Celebrating 40 years as the professional association for ALL disc golfers

Main Menu

LEDing Indicator


Who's that sneaking 'round your course at night?

More and more disc golfers so it seems. One industry source shared that tens of thousands of LED bobber lights have been sold in the past few years that are duct taped to discs so they can be seen at night. In the Twin Cities, players in leagues that run early in Spring or late into Fall know to carry a few LED bobber lights and tape. The last few holes on several nights will be finished at dusk, sometimes slipping into darkness.

Why play at night? Courses aren't crowded, at least not yet. It extends the season everywhere in even the coldest places. The Twin Cities may have the most extreme league each year when the Moondog starts around Thanksgiving and runs every Tuesday night until Daylight Saving starts in the Spring even when it's -20 out and a foot of snow on the ground. In the few sanctioned events where we've calculated ratings, it doesn't seem like playing at night affects the scores much. The SSA for the courses came out close to daytime rounds there. Maybe not seeing the trees reduces any nervousness about hitting certain routes?

To support the increasing popularity of night golf, the PDGA is looking into expanding equipment specs to allow discs and other gear to be designed for night play. Manufacturers have recently been surveyed for their advice on this topic and we should have some good ideas by mid-July. (Note: Any disc manufacturers we missed, please contact [email protected] to participate in the survey.) Besides glow discs that have been around for 20 years, there are some discs containing LEDs designed for night play on the market like those from Black Jax Sports pictured below. However, the Black Jax Quest and any other LED models currently do not yet meet PDGA specs, primarily because they contain metal.
Quest night
Night events currently can be PDGA sanctioned as X-tiers where players can earn points and ratings. It's common to have one or more day rounds and one night round as the event format but all rounds can be at night if desired. Players must use PDGA Approved discs under the current standards. However, when the TD requests a waiver for the event, players are allowed to tape the LED bobber lights to their discs (even max weight discs) in addition to using longtime PDGA Approved discs where the glow compound is blended in the plastic.

You can find the LED bobber lights at online and retail disc golf stores for around $4 each. A new type of LED (see photos) has become available for just $2 each in packs of five. However, these are not waterproof and should be taped as shown so they are sealed pretty well from water.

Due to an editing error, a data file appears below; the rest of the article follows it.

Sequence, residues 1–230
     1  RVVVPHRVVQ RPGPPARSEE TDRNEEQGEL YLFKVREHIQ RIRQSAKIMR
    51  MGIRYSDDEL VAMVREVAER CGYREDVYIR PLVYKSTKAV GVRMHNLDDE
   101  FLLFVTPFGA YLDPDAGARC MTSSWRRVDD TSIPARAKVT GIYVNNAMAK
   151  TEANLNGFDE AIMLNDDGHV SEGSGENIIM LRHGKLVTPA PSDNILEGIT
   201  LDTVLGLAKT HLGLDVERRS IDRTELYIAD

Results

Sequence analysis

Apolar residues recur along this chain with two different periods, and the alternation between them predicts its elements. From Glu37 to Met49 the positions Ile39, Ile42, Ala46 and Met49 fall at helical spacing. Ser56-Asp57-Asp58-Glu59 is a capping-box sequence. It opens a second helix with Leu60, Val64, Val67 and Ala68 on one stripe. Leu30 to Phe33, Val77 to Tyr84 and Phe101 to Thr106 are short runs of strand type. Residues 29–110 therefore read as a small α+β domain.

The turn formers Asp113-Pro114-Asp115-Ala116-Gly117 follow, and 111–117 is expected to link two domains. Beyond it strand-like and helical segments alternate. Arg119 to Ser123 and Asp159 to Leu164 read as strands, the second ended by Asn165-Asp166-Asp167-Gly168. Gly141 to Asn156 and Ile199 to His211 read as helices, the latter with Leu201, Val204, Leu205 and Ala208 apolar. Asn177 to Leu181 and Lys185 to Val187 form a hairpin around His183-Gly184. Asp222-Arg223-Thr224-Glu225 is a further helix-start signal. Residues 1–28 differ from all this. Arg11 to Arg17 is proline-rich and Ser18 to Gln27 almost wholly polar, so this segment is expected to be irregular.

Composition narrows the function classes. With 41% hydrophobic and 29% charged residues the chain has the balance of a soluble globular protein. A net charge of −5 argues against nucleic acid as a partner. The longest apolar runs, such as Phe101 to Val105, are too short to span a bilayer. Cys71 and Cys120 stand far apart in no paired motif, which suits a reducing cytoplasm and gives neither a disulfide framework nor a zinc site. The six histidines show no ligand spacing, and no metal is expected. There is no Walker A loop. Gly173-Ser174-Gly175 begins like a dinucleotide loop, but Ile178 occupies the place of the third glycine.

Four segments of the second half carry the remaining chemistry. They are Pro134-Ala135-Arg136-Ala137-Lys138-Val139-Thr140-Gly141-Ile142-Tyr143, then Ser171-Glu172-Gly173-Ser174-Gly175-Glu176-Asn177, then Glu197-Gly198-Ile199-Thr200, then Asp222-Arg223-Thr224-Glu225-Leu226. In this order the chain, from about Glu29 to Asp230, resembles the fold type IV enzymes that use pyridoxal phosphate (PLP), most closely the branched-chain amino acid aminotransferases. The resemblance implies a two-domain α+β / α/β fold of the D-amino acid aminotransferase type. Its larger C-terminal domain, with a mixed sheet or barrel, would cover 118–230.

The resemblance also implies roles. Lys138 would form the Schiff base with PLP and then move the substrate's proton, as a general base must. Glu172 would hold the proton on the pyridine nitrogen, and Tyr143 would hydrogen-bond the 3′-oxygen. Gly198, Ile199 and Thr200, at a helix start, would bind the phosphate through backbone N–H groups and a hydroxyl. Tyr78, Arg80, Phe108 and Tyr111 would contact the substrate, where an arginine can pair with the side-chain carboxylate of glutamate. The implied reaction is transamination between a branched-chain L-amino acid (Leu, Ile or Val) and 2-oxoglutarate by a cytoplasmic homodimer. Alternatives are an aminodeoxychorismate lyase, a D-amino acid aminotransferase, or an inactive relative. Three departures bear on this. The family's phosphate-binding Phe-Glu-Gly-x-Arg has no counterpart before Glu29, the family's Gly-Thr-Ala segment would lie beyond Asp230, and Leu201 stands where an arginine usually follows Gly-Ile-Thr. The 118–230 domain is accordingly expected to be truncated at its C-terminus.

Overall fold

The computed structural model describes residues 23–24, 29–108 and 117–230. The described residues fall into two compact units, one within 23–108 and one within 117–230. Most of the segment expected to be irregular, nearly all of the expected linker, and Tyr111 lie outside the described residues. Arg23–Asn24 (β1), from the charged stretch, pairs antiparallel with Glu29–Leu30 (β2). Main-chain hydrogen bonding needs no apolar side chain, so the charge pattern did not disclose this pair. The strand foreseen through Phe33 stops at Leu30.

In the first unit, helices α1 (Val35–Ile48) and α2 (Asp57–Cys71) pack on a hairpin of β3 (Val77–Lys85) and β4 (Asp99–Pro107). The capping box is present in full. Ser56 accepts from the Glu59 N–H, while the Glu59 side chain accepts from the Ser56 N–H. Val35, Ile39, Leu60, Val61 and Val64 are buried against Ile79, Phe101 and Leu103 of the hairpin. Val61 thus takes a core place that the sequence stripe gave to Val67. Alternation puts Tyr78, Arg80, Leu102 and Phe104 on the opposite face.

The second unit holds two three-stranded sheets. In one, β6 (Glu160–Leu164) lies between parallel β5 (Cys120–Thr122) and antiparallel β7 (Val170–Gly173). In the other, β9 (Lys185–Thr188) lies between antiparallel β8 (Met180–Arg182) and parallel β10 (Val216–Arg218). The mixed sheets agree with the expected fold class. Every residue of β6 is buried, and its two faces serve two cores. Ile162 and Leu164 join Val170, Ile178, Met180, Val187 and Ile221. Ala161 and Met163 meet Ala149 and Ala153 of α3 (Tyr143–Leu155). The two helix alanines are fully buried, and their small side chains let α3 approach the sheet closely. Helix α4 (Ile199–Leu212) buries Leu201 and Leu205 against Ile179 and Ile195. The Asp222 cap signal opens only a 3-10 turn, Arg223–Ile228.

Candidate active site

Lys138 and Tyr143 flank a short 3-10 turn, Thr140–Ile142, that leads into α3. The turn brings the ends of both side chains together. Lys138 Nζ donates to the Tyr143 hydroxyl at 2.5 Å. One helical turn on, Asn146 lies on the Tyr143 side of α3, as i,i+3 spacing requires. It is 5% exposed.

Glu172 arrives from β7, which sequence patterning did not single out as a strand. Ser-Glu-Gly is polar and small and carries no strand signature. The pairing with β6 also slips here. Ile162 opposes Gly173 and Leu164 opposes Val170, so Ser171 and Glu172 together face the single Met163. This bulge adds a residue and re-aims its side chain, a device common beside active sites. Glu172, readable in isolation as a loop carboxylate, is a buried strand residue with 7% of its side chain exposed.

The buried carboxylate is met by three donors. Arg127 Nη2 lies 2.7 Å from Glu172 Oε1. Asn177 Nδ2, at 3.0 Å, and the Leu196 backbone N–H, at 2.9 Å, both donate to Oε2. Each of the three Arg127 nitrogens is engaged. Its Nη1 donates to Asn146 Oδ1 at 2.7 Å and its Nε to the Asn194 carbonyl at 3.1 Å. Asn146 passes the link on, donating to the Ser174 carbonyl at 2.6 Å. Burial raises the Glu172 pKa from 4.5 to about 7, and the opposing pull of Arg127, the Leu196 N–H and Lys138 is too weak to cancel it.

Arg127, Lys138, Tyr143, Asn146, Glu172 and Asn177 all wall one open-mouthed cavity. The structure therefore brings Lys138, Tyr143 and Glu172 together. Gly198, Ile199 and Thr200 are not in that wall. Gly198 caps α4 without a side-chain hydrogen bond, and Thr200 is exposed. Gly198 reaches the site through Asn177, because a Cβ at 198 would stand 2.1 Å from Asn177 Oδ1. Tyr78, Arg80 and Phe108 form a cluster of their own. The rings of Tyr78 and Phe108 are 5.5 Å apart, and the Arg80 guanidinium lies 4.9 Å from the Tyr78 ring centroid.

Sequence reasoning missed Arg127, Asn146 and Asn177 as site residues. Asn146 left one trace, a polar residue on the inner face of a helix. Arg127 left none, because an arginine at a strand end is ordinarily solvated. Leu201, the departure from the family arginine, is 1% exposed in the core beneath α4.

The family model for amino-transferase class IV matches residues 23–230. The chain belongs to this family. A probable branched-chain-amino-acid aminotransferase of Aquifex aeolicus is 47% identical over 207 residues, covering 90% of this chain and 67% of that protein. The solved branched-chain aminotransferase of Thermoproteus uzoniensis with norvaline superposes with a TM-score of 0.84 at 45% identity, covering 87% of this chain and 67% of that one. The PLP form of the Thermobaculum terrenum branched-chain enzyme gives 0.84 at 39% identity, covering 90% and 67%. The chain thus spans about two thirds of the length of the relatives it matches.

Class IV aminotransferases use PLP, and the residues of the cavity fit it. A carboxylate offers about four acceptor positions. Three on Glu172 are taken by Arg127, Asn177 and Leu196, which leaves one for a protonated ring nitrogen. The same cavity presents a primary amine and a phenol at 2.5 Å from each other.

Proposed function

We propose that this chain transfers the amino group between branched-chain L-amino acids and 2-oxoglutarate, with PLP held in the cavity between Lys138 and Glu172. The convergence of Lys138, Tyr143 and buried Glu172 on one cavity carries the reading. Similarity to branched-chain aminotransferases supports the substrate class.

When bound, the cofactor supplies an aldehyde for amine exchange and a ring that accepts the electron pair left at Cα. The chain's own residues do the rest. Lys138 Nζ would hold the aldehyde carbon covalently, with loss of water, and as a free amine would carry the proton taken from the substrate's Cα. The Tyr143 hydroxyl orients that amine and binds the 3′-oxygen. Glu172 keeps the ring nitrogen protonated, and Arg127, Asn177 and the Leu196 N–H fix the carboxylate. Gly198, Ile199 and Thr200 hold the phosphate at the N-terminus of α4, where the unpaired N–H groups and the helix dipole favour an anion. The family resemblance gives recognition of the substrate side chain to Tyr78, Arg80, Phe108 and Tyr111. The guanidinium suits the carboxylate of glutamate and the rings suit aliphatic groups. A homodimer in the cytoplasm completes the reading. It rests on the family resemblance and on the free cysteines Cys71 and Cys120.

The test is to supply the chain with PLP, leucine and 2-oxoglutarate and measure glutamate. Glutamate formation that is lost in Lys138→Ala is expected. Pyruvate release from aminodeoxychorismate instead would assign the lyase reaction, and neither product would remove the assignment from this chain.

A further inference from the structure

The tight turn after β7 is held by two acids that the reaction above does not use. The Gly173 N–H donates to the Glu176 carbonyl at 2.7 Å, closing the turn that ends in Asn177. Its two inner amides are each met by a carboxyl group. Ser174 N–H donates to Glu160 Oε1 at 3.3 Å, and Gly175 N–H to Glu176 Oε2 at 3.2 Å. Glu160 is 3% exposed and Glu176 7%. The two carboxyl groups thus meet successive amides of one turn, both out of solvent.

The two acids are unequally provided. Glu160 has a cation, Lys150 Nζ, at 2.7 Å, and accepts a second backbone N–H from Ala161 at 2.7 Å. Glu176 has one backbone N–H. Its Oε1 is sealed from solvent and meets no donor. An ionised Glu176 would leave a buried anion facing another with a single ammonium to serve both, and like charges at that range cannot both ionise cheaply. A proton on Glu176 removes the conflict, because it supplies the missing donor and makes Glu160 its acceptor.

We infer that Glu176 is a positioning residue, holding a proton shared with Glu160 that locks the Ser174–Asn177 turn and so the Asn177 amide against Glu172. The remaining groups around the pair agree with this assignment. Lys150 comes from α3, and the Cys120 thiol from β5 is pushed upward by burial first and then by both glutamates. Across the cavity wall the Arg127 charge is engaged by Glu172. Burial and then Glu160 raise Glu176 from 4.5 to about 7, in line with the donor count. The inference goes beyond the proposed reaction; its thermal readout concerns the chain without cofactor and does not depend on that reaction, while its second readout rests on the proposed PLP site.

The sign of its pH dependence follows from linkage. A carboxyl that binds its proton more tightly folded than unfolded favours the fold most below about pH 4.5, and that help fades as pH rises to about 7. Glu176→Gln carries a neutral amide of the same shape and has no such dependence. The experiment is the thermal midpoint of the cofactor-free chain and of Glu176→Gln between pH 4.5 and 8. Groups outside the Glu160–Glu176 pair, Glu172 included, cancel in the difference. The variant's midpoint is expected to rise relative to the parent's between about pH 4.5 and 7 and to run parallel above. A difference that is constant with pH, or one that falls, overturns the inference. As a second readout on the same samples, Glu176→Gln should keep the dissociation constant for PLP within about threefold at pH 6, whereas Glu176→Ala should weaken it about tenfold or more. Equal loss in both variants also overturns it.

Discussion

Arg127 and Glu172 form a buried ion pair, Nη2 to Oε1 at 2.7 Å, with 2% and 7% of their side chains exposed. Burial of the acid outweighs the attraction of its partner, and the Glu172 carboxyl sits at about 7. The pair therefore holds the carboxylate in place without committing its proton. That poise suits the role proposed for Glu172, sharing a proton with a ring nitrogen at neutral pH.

LEDs

Taped LED

As equipment for night play evolves, it will include more devices with replaceable and, ideally, rechargeable batteries. Solar panels to recharge batteries for lights in targets would also be desireable.

LED Stick

The LED light sticks pictured do have replaceable batteries and are probably the least expensive way to temporarily light the targets for night play. A set for an 18-hole course runs less than $50 and should last for 12-15 rounds before needing new batteries. Replacement batteries only run around $20 for the whole course to get another 12-15 rounds. (check PDGA Store for LED products shown)  Single use glow sticks have been used for many years and might run $50 for an 18-hole course and last just one round. That cost is why your hardcore night golfers have tended to not light the baskets. In fact, even "spotting" them with a flashlight during played is sometimes not allowed.

Speaking of hardcore, here's what the "cool kids" use for night golf (ex military?) - night vision goggles! While the pair shown in the photo "only" run $500, the really good (read: longer distance) night vision goggles run into the thousands of $$. Just for fun, check out these night vision binocs for under $50 that apparently see just beyond 50 feet in the dark: EyeClops

Night goggles

Add infrared LEDs to your discs, produced by filtering visible light LEDs, and you have the stealth version of night disc golf - fun but a bit pricier. If rangefinders are made legal for night time play, they use infrared lasers so distance to the basket can be determined as long as you know where to aim.

While the stealth version may be the only way to play some courses, the future for night disc golf could literally be much brighter by lighting more than is typically done today once manufacturers are turned loose to innovate more items for night play that mostly use rechargeable batteries. Envision players carrying a rechargeable battery belt where they plug in their jacket, pants and shirt. Or maybe each item will have its own battery? Some might add a lighted cap and even shoes which are already available. Is it possible to emulate tie-dye with LEDs?

Discs containing multiple LEDs will streak thru the sky with open shuttered videocams tracking their flight. Baskets might be lit subtly or perhaps with gaudy multi-colored blinking LEDs. With dramatic and colorful night lighting everywhere, we could create a spectacle that could really grab the attention of the media and bring us out from under the big shadow cast by ball golf.